P-Funk’s Mothership Was Spectacular And Wondrous To Audiences

P-Funk Mothership at NMAAHC/Fuzheado/Wikimedia/ CC-SA-4.0

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If you’re looking to expand beyond the fours walls of your mind, hop on Parliament Funkadelic’s Mothership. You’ll be in for a ride!

George Clinton and Parliament Funkadelic have been around since 1968, pushing boundaries with their sound and an out-of-this-world philosophy of Afrofuturism.

They challenged the boundaries of who and what Black people could be, and they did it with stylized funk.

A centerpiece of Parliament Funkadelic’s act was the iconic Mothership, a large-scale spaceship that was always on display at their shows. It wasn’t a P-Funk show if the Mothership wasn’t there.

The first shows with the Mothership, though exciting, were hazardous. The stage piece emitted carbon dioxide, causing people in the front rows to pass out.

The craziness of these shows often scared off white people. In 1977, New York Times writer John Rockwell said that white people might feel more comfortable going to P-Funk shows if they sold their records to a “mass pop audience.”

That potentially meant toning down the show, and the band refused to do that. As a band all about uplifting Black people, that seemed like a far-fetched idea.

The Mothership started as a concept before it became a physical part of their shows. Kevin Strait, a museum specialist at the National Museum of African-American History and Culture, says the Mothership was “a way to liberate one's mind from the shackles of racism and poverty or any other societal constraints.”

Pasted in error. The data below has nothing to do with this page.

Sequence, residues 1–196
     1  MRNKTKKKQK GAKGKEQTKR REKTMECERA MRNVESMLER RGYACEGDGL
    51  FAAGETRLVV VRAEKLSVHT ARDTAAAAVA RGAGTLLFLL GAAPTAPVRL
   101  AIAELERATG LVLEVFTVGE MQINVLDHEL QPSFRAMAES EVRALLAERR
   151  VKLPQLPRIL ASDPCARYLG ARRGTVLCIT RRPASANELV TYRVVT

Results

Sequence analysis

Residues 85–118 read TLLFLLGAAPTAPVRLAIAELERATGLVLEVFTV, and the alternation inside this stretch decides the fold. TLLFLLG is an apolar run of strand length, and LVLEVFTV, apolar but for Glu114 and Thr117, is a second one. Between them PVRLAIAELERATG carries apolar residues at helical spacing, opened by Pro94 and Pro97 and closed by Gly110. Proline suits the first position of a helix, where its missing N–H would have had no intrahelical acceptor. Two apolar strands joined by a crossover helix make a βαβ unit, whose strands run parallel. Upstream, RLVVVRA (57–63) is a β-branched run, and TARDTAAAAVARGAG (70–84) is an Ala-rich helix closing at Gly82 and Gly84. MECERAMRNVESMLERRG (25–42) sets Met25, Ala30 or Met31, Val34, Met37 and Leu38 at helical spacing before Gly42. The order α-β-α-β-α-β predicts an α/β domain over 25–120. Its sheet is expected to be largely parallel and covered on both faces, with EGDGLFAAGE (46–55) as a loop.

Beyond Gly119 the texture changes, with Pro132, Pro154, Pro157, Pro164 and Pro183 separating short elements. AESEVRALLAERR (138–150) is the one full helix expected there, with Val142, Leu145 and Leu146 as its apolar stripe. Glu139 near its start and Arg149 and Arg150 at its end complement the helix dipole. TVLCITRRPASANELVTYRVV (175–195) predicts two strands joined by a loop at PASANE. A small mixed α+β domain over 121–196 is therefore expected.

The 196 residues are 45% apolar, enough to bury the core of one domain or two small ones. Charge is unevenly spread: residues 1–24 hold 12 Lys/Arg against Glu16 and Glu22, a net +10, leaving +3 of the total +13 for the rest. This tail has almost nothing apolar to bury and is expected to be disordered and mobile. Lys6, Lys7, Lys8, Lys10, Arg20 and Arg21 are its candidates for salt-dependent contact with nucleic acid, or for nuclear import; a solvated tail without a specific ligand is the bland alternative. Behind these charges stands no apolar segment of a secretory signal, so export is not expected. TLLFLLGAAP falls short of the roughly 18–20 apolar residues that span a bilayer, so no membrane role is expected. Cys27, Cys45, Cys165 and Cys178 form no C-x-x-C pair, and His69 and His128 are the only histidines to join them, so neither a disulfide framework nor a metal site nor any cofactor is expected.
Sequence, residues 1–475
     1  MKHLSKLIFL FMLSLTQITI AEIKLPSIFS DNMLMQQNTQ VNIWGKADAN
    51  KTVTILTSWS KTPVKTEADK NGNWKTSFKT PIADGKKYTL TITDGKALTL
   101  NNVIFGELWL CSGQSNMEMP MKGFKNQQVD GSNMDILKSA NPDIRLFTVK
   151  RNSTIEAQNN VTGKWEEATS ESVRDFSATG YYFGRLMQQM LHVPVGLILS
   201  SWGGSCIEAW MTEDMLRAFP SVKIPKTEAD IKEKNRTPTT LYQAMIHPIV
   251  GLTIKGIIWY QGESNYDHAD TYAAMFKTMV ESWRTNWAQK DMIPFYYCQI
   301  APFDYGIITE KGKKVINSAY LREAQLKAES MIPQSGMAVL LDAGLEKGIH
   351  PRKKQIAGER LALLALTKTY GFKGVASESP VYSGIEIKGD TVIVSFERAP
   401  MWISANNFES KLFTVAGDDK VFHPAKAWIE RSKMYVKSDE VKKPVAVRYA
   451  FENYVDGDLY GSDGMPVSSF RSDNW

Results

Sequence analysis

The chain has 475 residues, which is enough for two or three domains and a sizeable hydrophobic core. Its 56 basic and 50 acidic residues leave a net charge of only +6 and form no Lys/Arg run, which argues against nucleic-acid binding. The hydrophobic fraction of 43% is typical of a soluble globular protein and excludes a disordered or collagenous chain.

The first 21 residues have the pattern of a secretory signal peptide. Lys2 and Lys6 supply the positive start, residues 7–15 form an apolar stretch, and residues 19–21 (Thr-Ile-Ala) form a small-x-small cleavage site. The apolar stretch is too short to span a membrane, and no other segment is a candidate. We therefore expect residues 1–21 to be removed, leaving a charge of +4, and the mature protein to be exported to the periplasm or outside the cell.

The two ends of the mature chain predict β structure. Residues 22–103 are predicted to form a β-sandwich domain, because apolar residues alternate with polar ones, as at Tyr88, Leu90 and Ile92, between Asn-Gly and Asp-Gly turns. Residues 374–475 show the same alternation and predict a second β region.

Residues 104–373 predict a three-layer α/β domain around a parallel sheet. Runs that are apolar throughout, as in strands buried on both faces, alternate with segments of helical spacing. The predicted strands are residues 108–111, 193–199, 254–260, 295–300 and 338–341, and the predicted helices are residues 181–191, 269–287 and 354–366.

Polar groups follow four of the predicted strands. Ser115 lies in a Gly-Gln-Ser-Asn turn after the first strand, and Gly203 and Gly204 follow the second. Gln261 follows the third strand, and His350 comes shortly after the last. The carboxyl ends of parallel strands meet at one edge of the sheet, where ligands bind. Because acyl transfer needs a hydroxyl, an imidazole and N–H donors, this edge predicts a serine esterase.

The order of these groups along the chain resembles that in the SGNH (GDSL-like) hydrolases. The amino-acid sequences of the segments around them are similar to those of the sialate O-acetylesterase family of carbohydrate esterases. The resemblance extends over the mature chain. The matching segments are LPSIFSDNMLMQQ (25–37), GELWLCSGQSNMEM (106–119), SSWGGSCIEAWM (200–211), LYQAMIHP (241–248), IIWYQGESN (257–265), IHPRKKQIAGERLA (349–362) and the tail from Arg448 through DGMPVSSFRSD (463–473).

George Clinton also admits that he just wanted to outdo the rock n’ roll bands of the day. A funk opera is what he was after. “I wanted to have a prop that not only was deeper than anything that any black group had done but bigger than any white group had done.”

A replica of the Mothership is on display in the National Museum of African-American History and Culture. The original was destroyed after the band went into debt in the 1980s.

The significance of the Mothership extends far beyond a stage prop used to rile up audience members. Ahead of its time, The Mothership challenged Black people to expand their minds beyond their present conditions and transport themselves to alternate realities.

Check out what Clinton has to say about funk and his legacy in his memoir, Brothas Be, Yo Like George, Ain’t That Funkin’ Kinda Hard On You?: A Memoir.

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